There are many reasons for moving long distance.
New jobs, military moves, a fresh start, school or even just for a change of scenery. The reasons for moving thousands of miles away are as different as the people who make these moves. Whatever the reasons may be for you to pick up and move great distances there are likely a lot of personal and household possessions that you need to take into consideration before getting the long-distance moving process started.
Here are some tips to make that long distance move feel more like a local move:
Outdated clothes, clothes that don’t fit, clothes that you are ‘going to fit into one day’. Get rid of them. Donate them to someone that will get better use out of them. Papers, CDs, DVDs, last year’s Christmas cards. We hold onto a lot of unnecessary things given the fact that we are now in a digital world. Download the CDs and DVDS, scan the important papers or take pictures of sentimental items…then toss, donate or shred them. They are unnecessary items to move and it will just lighten your load if you get rid of them now. Start small and then take a hard look at the bigger items. The furniture that you have in your place now may not make the move (think about that cheap bookcase you bought in college) or even fit in your new place. Get ready to donate, give away to family and friends and sell anything that you can do without.
After you have minimized the load, make an inventory log of everything you have. Count boxes and large items so you have an idea of the size of your move. This will help you when speaking with moving companies, DIY truck places and when you take a final inventory count at the new destination. Have a packing station– an area that is solely dedicated to packing and a packing apron that has: packing tape, permanent marker for marking boxes, your inventory list and pen, and a dust rag to wipe things as you pack them away.
Do your homework. If a moving quote price sounds too good to be true; then it probably is (too good to be true). When pricing out movers or even DIY moving options read the small print. Ask questions. Interview and qualify movers. Find out if the movers are certified, BBB approved and check out reviews on other people’s experience with the company. Transparency and companies that take the time to walk you through the process speaks volumes.
Moving expenses add up more than you think. There is the cost of movers, or a DIY truck, packing supplies, gas, tolls, air-fare, setting up utilities, time off of work, hotels, babysitters, pet sitters, home association fees, deposits, traveling expenses, and everything in between. This doesn’t even factor in your own time dedicated to the moving process or the chance that things may not go exactly as planned on the long-distance trip. Staying on top of your budget from the beginning will help you be prepared from start to finish.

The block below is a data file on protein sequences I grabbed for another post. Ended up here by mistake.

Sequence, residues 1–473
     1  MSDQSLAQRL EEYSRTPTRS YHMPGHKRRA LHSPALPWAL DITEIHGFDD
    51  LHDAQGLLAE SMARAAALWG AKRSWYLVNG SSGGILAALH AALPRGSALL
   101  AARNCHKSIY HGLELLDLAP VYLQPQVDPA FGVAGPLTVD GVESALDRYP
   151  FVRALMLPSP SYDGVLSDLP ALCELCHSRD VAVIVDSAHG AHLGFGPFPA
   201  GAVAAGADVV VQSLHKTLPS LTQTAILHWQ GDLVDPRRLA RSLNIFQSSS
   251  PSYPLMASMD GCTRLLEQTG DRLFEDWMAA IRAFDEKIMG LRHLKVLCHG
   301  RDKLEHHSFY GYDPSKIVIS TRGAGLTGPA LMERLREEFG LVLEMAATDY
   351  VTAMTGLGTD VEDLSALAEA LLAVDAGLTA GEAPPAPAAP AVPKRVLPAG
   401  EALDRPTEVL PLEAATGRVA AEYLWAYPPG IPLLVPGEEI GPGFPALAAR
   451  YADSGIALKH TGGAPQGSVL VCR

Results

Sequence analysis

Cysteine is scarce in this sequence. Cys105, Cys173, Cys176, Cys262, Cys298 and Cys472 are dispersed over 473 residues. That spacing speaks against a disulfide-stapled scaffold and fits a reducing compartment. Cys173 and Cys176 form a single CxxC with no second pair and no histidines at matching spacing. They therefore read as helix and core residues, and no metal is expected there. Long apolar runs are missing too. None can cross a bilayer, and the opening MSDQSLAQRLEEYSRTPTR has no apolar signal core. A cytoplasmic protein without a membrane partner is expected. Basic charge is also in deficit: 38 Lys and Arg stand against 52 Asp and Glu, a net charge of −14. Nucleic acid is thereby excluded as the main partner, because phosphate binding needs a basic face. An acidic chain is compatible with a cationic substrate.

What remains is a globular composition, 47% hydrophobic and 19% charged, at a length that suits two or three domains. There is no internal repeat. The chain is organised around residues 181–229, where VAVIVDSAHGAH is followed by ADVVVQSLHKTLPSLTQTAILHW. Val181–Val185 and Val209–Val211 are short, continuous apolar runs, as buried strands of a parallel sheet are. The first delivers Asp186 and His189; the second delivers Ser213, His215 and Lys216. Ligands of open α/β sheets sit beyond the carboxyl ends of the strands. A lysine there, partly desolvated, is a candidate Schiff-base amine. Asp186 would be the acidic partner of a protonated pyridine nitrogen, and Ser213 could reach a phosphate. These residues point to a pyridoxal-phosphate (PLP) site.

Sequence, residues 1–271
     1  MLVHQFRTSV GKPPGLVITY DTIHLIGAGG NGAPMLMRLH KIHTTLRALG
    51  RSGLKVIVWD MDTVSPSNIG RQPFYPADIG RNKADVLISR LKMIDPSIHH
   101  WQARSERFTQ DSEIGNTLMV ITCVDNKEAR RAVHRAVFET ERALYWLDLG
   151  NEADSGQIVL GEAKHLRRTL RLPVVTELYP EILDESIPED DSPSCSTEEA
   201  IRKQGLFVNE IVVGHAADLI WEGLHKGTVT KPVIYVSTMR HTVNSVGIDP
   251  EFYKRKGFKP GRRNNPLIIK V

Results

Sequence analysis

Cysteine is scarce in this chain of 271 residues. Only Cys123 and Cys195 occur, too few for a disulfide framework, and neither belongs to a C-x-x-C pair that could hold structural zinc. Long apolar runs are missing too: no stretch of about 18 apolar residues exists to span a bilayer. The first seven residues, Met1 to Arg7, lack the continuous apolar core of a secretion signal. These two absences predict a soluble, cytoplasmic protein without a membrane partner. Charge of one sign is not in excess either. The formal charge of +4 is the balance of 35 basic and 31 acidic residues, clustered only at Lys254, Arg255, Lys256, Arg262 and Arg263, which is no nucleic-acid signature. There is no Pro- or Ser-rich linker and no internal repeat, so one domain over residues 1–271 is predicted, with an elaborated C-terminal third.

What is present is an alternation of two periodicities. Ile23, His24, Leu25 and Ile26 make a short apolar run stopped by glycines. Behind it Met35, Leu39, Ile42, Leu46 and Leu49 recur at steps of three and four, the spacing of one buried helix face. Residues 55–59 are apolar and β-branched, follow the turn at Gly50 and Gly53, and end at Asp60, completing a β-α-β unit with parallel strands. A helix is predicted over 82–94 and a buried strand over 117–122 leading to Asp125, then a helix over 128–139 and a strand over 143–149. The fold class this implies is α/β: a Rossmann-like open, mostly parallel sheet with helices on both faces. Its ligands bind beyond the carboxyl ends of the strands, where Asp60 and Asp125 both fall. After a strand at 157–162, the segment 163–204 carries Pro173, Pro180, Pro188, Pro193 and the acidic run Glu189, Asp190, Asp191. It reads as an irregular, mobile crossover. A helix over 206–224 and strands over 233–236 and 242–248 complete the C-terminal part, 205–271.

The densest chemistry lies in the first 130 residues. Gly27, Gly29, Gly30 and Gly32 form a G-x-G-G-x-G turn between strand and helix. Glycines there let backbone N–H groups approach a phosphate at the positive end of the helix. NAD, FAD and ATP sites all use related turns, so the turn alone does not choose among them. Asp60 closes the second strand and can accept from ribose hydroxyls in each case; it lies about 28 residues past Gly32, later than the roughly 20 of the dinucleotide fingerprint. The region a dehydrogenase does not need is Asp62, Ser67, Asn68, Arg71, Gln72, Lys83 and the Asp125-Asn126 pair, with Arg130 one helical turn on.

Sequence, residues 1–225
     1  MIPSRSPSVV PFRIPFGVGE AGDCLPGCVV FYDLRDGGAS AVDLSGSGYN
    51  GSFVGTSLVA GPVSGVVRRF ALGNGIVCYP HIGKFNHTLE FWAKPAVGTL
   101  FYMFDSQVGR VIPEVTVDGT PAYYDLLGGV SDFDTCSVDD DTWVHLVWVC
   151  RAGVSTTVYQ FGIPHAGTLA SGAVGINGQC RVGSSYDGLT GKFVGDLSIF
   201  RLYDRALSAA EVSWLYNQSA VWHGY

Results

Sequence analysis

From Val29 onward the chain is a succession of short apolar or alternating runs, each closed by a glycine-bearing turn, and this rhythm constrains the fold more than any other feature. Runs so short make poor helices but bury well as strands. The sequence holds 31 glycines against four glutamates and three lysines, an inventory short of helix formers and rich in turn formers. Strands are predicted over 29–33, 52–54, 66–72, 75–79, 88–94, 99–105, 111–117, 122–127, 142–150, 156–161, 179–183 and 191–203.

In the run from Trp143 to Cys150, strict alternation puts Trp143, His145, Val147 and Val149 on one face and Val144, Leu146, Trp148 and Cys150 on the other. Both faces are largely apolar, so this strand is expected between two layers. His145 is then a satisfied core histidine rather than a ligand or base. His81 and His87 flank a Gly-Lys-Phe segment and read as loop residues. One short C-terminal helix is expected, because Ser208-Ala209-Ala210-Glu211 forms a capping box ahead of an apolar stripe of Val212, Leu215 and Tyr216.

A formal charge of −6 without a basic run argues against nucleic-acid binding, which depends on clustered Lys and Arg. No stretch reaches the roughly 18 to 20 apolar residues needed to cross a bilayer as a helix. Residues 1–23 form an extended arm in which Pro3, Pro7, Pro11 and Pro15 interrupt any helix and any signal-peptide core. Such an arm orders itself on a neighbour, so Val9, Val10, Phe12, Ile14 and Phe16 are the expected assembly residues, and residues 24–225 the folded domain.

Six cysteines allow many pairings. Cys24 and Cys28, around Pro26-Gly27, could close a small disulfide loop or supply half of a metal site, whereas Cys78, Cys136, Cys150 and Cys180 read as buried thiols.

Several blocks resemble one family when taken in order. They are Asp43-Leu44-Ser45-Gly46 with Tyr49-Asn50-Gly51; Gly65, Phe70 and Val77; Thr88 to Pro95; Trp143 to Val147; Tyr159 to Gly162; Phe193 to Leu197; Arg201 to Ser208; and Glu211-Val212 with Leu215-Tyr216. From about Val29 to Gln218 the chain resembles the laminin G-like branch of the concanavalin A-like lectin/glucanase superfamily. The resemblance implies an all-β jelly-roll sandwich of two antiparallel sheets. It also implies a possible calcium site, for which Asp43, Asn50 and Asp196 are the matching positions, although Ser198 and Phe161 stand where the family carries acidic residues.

THINK INSIDE THE BOX
When packing use what you have on hand for efficient packing. Linens, towels and pillows are great fillers for boxes and to place in the washer/dryer after they have been unhooked and readied for the move. Slipping knives in a potholder or using those egg crates for holiday bulbs; there are dozens of ways to save money and be efficient in the packing stage. Tightly packed, medium sized moving boxes (that’s sturdy, moving approved boxes) are the best approach. A good rule of thumb is the heavier the items (such as books); the smaller the box. Always keep important documents, valuables and needed personal items on your person during the move and not packed away on the moving truck.
The truck is packed and you are on your way. Why not make an adventure out of it? Who wants to race across the country just to unpack again? If you can spare some time make a trip out of your move. Stop at sights along the way. Take a flight early and explore the new city before you start unpacking. You may be surprised; a little down-time to start out your new adventure can be a great recharge.
You did everything right during the move. From de-cluttering and packing boxes to planning a budget and getting the last box on the truck. Unfortunately, this doesn’t always mean that things are going to go exactly as planned. Children, pets, weather, layovers, traffic, detours….these are all things that are out of your control. Take a few breaths and relax. These things have a way of working themselves out and getting stressed about it is not going to do you or your family any good. Consider padding the trip with some extra time and emergency money so you can be prepared if/when unexpected things are thrown your way.